The Sandwich Generation and caring for ageing parents

Many of this generation are unpaid care givers, and the caring alone can result in financial, physical and emotional hardship.The ‘Club Sandwich Generation’ (usually in their 40's, 50's and sometimes 60's) may be caring for their children, their parents and their grandchildren.Merriam-Webster officially added the term ‘Sandwich Generation’ to its dictionary in July, 2006.Now that people are living longer and children often need continued care as they grow up, the pressure is felt by both men and women in their fifties. Owing to the high cost of living and housing, many young people now return home after university to live back with their parents or continue living with them throughout college.Parents feel responsible for looking after their children longer than expected, while at the same time may be expected to look after the financial, emotional and health difficulties of their parents.This in turn can create financial difficulties for the children of ageing parents who are supporting up to 3 generations at the same time.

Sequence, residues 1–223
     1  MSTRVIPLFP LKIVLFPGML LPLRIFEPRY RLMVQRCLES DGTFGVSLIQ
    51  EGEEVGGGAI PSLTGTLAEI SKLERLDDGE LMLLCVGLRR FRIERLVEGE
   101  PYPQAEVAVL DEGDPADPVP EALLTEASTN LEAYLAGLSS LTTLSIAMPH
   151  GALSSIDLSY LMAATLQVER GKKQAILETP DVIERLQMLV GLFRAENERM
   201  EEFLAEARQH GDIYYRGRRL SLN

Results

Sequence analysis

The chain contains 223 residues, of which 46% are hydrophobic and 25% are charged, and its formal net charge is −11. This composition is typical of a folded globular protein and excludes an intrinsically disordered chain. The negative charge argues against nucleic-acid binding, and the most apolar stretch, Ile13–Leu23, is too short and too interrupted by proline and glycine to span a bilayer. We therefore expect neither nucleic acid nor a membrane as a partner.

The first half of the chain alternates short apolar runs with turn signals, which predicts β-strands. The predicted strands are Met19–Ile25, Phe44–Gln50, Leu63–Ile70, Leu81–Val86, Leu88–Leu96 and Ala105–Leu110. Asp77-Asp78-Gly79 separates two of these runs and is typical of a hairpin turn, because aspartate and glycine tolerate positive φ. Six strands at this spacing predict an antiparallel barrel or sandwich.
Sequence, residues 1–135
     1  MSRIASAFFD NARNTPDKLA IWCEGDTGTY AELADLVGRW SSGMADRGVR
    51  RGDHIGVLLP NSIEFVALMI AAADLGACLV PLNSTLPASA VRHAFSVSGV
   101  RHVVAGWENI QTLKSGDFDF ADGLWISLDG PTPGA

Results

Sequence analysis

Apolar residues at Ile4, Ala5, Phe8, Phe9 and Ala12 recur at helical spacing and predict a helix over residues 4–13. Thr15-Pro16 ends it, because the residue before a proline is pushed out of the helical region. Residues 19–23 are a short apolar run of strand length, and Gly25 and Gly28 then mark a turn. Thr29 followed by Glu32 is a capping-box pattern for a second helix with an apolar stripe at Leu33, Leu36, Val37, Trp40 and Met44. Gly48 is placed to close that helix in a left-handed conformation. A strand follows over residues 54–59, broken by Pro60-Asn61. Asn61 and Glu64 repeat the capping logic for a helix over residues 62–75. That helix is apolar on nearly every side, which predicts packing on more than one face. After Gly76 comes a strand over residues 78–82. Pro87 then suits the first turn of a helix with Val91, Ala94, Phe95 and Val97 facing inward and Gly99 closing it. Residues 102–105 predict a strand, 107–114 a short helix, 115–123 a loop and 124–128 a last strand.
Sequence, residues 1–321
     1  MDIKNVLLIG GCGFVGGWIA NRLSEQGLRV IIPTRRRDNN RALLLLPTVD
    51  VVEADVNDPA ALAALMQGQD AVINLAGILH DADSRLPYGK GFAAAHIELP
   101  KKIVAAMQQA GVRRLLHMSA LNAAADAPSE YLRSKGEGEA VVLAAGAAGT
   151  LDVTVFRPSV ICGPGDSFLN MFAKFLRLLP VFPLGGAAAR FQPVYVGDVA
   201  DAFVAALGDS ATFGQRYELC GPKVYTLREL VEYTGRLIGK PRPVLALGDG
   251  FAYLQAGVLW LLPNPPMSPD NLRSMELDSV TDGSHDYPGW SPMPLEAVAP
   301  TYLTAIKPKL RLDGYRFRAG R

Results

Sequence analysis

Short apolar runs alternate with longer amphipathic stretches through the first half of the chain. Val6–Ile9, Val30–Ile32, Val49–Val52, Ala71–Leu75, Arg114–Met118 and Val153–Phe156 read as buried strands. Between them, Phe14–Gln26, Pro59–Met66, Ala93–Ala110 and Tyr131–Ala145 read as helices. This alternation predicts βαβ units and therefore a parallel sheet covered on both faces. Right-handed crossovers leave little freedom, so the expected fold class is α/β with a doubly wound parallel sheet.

Although this can affect men and women equally, women are seen in society as more of a primary carer, providing physical, emotional and medical support where necessary.Depression and anxiety are common place among the ‘Sandwich Generation’ as looking after family members can be all consuming, leaving you at risk of losing your career or taking a reduction in salary. This pressure along with worrying about finances could result stress and emotional upset.Caregivers may also have to deal with feelings of isolation or guilt when they are being pulled in too many different directions at once and if their parents are suffering from Alzheimer’s or Dementia, this can be particularly devastating.If you are struggling as a caregiver with several people to care for, hold a family meeting to decide the best way forward. Each family member (assuming they live close enough) should be able to dedicate some time to the older person in need of care, and perhaps lighten your burden.It is very important to actively communicate between yourselves and not to try to take responsibility for all of the care.

Nobody likes to describe their parents as a ‘burden’ but if they are needing more care on a daily basis, it may be time to look at other care options.If you feel between you that your parent or family member needs professional care or even daily help in the house, contact the local social services department for advice.Make sure you care for yourself or you will not be any good to anyone. If you feel you are not coping, join a support group of similar carers, take plenty of breaks and if necessary, find out more information about suitable care homes in the area or discuss residential home care for your ageing relative.